Since policies will be similar on several parameters, customers will find it easier to understand them. Product comparison will also become easier. “These guidelines may lead to a slight increase in the premiums of health plans. But this is a good move as it will provide greater confidence to customers at the time of purchasing a plan,” says Naval Goel, chief executive officer (CEO), PolicyX.com.
The guidelines also require customers to make full disclosure. Says Amit Chhabra, head-health business, Policybazaar: “If policyholders misrepresent facts or fail to disclose material facts while buying a health insurance policy, they will forfeit the premium paid. Insurers will also have the right to render the policy void.”
If an individual owns multiple policies, he will have the right to settle his claim from any of them. In such cases, the insurer will be obliged to settle the claim as long as it is within the limits of the policy and meets its terms and conditions. The regulator has also demanded greater clarity from insurers. Says Chhabra: “Terms and conditions related to claim settlement, cancellation of policy, porting to another insurer, renewal, and redressal of grievances must be clearly mentioned in the policy document.”
Telemedicine to be covered: Many people need to consult their doctor regularly. Keeping in mind the need to safeguard them, the regulator has now asked all general and specialised health insurers to start covering the cost of telemedicine consultation in their policies. Says Goel: “Plans with OPD (out-patient department) covers will benefit from these guidelines.” If your policy does not cover you for OPD expenses, then it will not cover the charges for telemedicine consultation.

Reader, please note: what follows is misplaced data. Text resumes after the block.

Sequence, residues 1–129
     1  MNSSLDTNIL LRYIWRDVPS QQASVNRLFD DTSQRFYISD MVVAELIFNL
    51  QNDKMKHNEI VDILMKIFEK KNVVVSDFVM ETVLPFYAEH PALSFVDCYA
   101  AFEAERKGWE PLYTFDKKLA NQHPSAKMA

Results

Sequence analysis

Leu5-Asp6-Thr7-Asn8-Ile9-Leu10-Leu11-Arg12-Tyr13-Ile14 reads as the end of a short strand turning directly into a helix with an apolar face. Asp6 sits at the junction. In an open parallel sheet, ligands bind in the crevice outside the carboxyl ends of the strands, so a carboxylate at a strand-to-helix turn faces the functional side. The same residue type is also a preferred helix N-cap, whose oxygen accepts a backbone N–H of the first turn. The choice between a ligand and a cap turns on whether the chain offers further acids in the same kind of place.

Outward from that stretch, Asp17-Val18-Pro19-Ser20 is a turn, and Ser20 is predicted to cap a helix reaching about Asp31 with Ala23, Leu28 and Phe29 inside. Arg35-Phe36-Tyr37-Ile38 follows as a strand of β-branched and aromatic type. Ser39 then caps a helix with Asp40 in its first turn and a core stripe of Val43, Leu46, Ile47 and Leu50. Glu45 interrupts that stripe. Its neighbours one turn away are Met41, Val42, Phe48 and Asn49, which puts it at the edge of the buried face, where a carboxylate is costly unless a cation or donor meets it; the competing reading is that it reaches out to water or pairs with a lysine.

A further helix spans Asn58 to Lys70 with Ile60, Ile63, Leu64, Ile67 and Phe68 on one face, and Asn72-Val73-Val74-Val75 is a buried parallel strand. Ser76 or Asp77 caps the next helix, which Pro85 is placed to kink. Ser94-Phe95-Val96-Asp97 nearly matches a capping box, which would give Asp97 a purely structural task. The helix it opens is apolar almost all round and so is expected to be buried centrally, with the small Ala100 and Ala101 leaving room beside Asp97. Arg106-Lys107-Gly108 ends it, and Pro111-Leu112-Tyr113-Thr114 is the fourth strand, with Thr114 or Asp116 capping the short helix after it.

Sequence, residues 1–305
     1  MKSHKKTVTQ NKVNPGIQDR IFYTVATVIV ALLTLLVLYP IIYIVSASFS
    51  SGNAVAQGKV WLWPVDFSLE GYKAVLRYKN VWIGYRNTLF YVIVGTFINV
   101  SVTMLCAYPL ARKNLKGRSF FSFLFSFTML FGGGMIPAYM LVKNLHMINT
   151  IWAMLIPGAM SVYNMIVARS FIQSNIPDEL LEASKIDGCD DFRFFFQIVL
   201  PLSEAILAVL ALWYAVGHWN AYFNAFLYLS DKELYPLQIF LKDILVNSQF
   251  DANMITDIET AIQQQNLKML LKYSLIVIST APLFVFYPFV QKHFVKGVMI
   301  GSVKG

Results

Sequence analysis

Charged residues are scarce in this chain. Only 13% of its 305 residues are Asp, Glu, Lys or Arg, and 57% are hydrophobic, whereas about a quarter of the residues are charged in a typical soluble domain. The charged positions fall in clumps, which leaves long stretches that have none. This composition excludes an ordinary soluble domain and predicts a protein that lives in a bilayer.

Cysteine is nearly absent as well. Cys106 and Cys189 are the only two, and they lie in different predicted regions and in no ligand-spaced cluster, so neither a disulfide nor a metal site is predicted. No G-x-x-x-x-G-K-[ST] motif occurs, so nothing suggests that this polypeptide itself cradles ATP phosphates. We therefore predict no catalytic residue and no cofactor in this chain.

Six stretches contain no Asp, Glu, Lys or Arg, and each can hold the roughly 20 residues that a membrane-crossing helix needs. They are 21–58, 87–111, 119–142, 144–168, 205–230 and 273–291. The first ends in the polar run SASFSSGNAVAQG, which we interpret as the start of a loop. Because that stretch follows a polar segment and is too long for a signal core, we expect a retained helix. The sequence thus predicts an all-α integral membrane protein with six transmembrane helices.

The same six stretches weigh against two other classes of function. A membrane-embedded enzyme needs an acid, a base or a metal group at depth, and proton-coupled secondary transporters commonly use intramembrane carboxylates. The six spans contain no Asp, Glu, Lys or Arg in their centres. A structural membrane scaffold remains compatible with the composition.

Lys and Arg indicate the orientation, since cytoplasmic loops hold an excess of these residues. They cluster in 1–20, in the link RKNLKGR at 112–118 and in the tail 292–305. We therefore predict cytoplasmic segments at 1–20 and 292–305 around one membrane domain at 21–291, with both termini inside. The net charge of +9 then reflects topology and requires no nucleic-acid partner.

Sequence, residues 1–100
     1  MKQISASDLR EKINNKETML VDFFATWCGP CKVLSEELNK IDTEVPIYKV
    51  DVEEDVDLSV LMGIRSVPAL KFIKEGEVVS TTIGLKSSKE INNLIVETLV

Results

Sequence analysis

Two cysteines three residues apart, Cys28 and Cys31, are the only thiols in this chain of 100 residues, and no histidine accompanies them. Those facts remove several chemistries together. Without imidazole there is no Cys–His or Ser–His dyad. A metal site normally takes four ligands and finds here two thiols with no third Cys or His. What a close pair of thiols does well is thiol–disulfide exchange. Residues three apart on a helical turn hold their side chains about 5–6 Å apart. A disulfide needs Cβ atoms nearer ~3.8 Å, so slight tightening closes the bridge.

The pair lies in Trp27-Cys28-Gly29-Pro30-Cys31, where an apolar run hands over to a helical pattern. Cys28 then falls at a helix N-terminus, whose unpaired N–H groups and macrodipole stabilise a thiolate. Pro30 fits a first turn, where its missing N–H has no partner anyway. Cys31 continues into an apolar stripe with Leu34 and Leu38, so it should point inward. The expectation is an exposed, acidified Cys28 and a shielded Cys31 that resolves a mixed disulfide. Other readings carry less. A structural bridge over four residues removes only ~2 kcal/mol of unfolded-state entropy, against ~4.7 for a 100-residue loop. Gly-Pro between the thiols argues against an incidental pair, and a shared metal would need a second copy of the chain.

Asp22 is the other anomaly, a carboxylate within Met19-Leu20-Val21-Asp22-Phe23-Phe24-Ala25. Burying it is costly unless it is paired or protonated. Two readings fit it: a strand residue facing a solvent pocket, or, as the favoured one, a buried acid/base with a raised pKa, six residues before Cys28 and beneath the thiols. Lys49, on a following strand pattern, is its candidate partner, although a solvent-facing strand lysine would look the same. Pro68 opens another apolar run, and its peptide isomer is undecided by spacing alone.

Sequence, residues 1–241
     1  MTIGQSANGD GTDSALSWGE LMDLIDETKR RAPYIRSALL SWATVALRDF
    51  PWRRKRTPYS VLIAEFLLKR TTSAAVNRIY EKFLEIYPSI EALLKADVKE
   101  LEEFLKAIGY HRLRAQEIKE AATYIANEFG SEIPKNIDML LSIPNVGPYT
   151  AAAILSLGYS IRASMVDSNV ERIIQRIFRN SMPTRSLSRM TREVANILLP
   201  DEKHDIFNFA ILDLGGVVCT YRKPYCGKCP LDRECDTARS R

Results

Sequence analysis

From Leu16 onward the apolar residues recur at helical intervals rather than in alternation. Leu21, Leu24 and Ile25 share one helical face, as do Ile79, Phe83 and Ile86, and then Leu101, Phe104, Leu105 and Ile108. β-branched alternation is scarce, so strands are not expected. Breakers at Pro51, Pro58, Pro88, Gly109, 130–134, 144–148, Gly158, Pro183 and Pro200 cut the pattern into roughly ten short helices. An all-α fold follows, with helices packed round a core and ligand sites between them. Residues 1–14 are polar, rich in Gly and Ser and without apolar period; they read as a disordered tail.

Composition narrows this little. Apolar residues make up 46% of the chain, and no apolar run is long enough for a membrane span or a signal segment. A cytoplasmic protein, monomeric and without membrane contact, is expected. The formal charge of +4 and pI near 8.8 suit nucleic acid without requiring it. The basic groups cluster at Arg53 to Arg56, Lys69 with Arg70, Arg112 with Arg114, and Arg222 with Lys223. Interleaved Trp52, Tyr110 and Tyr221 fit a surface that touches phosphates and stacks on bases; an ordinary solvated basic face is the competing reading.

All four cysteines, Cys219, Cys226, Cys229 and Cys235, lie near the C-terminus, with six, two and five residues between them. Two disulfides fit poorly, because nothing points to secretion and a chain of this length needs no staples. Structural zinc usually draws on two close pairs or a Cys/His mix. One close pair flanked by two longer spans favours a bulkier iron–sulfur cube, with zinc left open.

At the time of purchasing a policy, customers must check whether it provides an OPD cover. Says Chhabra: “A few companies don't provide it in their basic cover. In that case, one may cover OPD expenses by buying an add-on policy.”
Proportionate claim deductions: The new rules say that insurers can no longer include within ‘associated medical expenses’ the following items: costs associated with pharmacy and consumables, implants, medical devices, and diagnostics (see box: What is proportionate deduction). Says Chhabra: “In future, insurers will not be allowed to recover expenses towards proportionate deductions other than the defined associated medical expenses.”
The regulator has asked insurers to ensure that proportionate deduction is not applied in case of hospitals that do not follow differential billing based on room category. Insurers will also not be allowed to apply proportionate deduction to ICU charges.
The total deduction made at the time of claim will reduce significantly. Says Chhabra: “This will reduce the out-of-pocket expenses of customers to a great extent.”
Other key changes: Another positive step is the introduction of a moratorium period in health insurance. Under the new rules, once a customer has paid a premium for eight years, his claim cannot be rejected unless it is fraudulent. Says Krishnan Ramachandran, MD & CEO, Max Bupa Health Insurance: “With the inclusion of the moratorium clause, customers will want to stay covered for long so that they are able to derive the optimum benefit from their health policy.”
The guidelines have also brought greater clarity to the definition of PEDs. Any disease that was diagnosed 48 months prior to entering the plan will be considered a PED.
The guidelines also bring greater uniformity to the list of diseases excluded from coverage. “Health conditions such as age-related macular degeneration, mental illnesses, enteral feedings, internal congenital and genetic diseases will get covered by health insurance policies,” says Ramachandran. Also, customers will have to be informed about exclusions and their consent will have to be obtained. “This will ensure there are no unpleasant surprises at the time of a claim,” says Goel.